The application of rational choice theory to contracting parties, rather than states, explains why conventions succeed or fail. If the convention is precise in its terms on the ambits of cooperative action, contracting parties will find it hard to behave opportunistically and then turn around and claim that the opportunistic conduct did not violate the requirements of a cooperative game. (15) The conclusion is similar in the context of coordination. Contracting parties subject themselves to a convention not because of its binding nature, but inter alia to assuage another party's fear of being subject to a foreign legal system, because their interests might be better protected by the convention, and to reduce transaction costs. The binding nature does not add much value to either party, except insofar as it imposes some obligations on courts if a dispute arises. (16) Routine exclusions of instruments like the CISG might be explained by path dependence (17) and network externalities. Thus, although the CISG might be a better solution, a suboptimal uniformity continues to persist because contracting parties are reluctant to change their existing practices. (18)

    Public international law scholars argue that when structuring international agreements, states seek to enhance the credibility and enforceability of their agreements. (19) These scholars analogize states to private contracting parties: states structure their agreements as contracts because they desire to make their promises binding. Thus compliance is crucial. (20) This compliance is ensured by providing mechanisms that measure adherence and deviation. The conventional view argues that, unlike private parties in the contractual context, states do not pay damages for breaches of contract, but rather surfer reputational sanctions. (21) The private contract analogy crumbles because of the absence of symmetry between the breaching party's sanction and the non-breaching party's loss.

    Despite this problem, scholars have focused extensively on monitoring mechanisms, sanctions, and sanction inflicting bodies. They have assumed that the dominant players are rational states who act to maximize contractual surplus. (22) In structuring international agreements, states are most concerned about the impact that the agreement will have in changing state conduct. It is this concern about impact that will influence whether a state chooses hard or soft law. If states desire to have low impact, then they are more likely to choose sort law. Conversely, if they desire a high impact, then they will elect hard law. However, the correlation between impact and form of several international agreements is not positive. (23)

    The structuring of transnational commercial law agreements runs contrary to the assumptions of public international law scholars. To begin with, states are not the dominant actors in transnational commercial law. Even when states are significant actors, they worry less about compliance and monitoring than public international law scholars would admit. Indeed, most transnational commercial law conventions have no monitoring mechanisms whatsoever, and do not have unified dispute resolution mechanisms or tribunals. If states were interested in compliance, why would they desist from creating such mechanisms? The CISG's drafters, for example, could have provided for the constitution of an international tribunal for the disposition of CISG cases. However, the drafters left the task of dispute resolution to domestic courts. Three current theories attempt to explain regime design: functionalism, liberalism, and realism.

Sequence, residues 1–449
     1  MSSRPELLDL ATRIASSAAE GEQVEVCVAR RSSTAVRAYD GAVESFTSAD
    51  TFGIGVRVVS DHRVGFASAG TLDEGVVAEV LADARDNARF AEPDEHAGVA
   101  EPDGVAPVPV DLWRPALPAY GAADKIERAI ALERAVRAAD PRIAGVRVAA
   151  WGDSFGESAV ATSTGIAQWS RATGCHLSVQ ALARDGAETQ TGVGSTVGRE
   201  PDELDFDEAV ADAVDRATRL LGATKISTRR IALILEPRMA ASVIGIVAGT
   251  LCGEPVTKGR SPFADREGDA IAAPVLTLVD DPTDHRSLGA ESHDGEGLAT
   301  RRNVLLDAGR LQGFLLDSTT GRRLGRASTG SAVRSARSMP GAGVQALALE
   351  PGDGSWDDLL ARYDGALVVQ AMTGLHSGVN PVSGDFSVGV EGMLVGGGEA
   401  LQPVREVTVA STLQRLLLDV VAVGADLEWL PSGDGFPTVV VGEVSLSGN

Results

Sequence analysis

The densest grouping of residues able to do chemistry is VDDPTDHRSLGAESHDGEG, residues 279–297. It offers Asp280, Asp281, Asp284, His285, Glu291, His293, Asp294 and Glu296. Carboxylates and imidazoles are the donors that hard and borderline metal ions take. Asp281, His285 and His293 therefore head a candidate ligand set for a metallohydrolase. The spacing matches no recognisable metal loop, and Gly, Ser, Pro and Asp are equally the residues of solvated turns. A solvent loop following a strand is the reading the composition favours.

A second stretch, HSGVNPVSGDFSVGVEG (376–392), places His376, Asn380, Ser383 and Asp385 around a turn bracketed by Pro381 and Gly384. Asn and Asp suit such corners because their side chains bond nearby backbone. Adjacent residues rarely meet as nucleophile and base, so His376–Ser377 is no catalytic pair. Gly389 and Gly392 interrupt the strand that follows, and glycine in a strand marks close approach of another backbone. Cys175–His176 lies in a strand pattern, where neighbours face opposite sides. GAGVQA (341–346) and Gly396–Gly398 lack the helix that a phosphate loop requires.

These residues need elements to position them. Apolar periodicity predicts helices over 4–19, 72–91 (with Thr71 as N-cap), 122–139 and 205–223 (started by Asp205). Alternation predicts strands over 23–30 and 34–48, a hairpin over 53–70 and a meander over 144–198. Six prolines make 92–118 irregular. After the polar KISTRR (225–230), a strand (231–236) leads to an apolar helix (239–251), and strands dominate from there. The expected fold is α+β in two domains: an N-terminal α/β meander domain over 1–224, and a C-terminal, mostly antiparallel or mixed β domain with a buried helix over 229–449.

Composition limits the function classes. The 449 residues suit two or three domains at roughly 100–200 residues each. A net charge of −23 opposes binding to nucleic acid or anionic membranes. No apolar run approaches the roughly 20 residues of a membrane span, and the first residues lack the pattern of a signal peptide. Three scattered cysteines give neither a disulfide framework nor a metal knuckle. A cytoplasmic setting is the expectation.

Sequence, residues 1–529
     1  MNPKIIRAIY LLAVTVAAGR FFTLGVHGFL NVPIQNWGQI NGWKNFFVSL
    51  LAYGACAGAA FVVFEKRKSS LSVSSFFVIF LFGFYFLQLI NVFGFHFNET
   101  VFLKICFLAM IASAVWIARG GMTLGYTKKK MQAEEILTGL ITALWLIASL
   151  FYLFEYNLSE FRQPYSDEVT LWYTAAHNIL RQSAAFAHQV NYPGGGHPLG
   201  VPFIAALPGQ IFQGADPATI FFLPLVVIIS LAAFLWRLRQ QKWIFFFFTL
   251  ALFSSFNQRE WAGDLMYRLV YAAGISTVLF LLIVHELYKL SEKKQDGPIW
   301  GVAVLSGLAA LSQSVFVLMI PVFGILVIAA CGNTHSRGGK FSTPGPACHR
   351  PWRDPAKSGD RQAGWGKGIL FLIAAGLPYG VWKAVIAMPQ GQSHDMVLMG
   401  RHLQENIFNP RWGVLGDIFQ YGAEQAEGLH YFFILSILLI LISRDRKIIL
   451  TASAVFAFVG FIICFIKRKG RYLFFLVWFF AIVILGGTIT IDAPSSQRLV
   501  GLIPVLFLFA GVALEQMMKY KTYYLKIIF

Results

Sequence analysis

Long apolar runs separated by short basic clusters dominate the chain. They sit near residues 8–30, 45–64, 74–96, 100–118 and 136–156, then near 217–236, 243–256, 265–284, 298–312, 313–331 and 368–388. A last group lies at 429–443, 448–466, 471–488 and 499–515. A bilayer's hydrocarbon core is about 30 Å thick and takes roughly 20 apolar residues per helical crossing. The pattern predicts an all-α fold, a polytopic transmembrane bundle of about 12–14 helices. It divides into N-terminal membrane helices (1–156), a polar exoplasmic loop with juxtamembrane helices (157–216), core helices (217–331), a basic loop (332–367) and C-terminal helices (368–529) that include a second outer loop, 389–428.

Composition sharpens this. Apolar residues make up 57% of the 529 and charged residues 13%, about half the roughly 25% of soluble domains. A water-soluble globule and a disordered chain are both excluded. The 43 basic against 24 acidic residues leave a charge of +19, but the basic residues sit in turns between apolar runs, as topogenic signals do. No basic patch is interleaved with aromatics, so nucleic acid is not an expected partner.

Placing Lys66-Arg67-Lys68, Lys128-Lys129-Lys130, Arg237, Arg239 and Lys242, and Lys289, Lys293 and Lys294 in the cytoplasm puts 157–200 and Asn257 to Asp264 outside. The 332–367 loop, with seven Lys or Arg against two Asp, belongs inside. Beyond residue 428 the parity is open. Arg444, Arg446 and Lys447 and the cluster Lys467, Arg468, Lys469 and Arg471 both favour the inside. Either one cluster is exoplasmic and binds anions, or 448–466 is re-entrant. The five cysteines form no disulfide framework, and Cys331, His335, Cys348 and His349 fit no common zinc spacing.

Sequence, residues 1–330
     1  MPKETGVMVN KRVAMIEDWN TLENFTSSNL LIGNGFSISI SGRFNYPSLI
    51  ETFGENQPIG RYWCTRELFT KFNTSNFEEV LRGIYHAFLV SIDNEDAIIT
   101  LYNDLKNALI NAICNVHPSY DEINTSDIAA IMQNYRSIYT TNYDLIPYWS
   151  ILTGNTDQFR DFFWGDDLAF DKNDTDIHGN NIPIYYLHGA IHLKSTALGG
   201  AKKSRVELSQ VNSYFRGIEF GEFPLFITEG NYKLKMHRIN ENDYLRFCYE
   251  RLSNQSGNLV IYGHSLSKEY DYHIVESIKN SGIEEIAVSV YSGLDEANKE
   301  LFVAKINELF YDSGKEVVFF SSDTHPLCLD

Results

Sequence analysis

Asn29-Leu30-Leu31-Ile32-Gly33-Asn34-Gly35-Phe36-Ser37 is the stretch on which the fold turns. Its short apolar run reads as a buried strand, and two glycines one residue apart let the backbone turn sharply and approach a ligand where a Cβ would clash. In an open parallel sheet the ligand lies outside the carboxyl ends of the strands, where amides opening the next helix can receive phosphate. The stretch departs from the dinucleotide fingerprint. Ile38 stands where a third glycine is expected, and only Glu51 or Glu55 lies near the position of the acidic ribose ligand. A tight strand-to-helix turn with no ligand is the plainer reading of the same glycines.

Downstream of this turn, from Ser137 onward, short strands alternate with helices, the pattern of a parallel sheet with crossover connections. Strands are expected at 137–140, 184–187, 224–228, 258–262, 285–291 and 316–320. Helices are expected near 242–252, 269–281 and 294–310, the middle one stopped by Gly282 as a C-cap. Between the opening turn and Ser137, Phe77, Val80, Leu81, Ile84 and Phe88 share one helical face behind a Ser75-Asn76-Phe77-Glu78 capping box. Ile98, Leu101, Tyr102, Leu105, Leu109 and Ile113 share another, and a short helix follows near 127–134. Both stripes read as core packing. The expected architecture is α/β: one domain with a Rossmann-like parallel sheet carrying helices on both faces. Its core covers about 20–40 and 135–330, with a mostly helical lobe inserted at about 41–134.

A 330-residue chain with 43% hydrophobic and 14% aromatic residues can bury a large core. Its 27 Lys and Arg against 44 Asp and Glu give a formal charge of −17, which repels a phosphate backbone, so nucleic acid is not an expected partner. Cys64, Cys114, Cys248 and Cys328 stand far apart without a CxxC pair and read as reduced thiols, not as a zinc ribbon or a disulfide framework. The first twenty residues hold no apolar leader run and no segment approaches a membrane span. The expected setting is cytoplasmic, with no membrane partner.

1. Functionalism

      Scholars in the functionalist tradition have argued that drafters choose form based on desired results. (24) Thus, drafters choose soft law because of its greater flexibility, conduciveness to incrementalism, non-state party participation, and lack of need for ratification. (25) Some scholars assume that hard law impacts state behavior more than soft law. (26) States prefer soft law when uncertainty is high, states' interests diverge greatly, informational costs are low, and, consequently, reputational sanctions are low. (27) Soft law also offers flexibility, which is valuable in areas where states are strongly wedded to their preferences. For example, Abbott and Snidal argue that states choose soft law as a "way station" to hard law; it is preferred when the subject challenges state sovereignty. (28)

      Functionalists argue that legalization is a means to increase the credibility of state commitments. States choose hard law when there are low domestic political costs, they desire to bind successive governments, and they need to modify the practices of their residents. (29) Legalization enhances credibility by limiting "self-serving auto-interpretation." (30) In the international system, the consequences of bad conduct within a particular convention or treaty regime can have negative consequences for the bad actor in other areas. (31) "Auto-interpretation" is limited by arbitral tribunals interpreting and applying hard-legal commitments, which is one reason to create or designate institutions that have the authority to bind the parties. (32) Abbott and Snidal espouse a narrow role for tribunals, to only apply and interpret hard law. This does not account for the ability of these tribunals to apply soft law. The tremendous success of soft law agreements like the UNIDROIT Principles and the Principles of European Contract Law (PECL) is attributable to their...